According to findings of a study published in the March 31 online edition of JAMA Internal Medicine, the use of blood pressure medication angiotensin-converting enzyme inhibitors (ACEIs) in patients with diabetes seems to contribute to a reduction of major cardiovascular events and death, as well death from all other causes, while angiotensin II receptor blockers (ARBs) did not show such effect on those outcomes.
Together with colleagues, the report’s author Jun Cheng, MD, of the Medical School of Zhejiang University, China, investigated the effects of these two medications. Over 285 million adults worldwide suffer from diabetes, which is a risk factor for cardiovascular diseases (CV). The American Diabetes Association recommends that patients with diabetes and high blood pressure be treated with an ACEI or an ARB.
By assessing the available medical literature the team conducted a meta-analysis that examined the effects of ACEIs and ARBs on major CV events and death, as well as death from all other causes. Out of the over 35 clinical trials identified by the authors 23 compared ACEIs with placebo or other active drugs (n=32,827 patients), while 13 other trials compared ARBs with no therapy (controls) (n=23,867 patients).
Analysing the results it appears that ACEIs reduce the risk of death from all causes by 13 percent, cut the risk CV deaths by 17 percent and lower the risk of major CV events by 14 percent, including myocardial infarction (heart attack) by 21 percent and heart failure by 19 percent.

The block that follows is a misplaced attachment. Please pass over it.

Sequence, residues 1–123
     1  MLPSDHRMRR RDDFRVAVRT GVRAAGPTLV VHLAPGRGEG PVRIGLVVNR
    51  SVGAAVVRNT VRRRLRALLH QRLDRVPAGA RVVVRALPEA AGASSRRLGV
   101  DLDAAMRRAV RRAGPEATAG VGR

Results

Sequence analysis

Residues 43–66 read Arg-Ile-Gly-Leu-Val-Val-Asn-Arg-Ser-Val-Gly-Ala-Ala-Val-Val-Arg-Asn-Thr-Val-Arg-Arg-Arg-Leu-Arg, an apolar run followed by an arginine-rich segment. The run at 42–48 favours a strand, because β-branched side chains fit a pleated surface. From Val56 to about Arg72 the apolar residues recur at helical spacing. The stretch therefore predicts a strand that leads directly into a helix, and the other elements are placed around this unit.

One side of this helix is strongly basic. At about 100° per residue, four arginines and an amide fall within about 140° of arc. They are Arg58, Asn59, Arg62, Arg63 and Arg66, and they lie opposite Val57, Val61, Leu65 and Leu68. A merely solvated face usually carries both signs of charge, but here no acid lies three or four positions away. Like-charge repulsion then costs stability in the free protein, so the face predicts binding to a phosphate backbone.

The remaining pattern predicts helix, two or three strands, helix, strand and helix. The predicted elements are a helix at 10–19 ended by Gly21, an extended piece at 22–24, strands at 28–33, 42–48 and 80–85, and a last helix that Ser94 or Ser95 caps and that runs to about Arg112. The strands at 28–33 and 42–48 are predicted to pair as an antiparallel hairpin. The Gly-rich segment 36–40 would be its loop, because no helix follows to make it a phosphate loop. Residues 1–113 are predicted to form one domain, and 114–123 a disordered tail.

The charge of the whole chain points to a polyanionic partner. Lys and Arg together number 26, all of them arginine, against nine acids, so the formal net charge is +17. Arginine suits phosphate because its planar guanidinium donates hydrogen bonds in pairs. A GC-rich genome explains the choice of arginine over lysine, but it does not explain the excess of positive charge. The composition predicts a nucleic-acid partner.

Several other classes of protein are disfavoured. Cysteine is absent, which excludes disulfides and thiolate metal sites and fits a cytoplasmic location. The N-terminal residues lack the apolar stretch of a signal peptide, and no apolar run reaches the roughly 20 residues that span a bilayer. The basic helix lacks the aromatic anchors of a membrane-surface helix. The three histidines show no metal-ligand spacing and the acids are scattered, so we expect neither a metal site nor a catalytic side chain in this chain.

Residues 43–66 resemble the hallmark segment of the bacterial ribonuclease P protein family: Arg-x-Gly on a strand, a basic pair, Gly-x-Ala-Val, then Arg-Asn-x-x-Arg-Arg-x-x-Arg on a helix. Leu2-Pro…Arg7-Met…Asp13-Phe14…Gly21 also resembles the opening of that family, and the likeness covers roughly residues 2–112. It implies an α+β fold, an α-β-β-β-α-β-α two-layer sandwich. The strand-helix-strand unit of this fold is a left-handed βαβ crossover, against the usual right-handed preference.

Contrary to these findings, ARBS did not affect all-cause mortality, CV death rate and major CV events, except for heart failure. ACEIs and ARBs were not linked to a decreased risk for stroke in patients with diabetes.
Discussing the their meta-analysis, the authors indicate ACEIs reduces all-cause mortality, mortality from CV as well as major CV events in patients with DM [diabetes mellitus], whereas they suggest ARBs to not have any beneficial effects on these outcomes. Consequently they recommend the use of ACEIs to be considered as first-line therapy to limit the excess mortality and morbidity in this population.
1 April 2014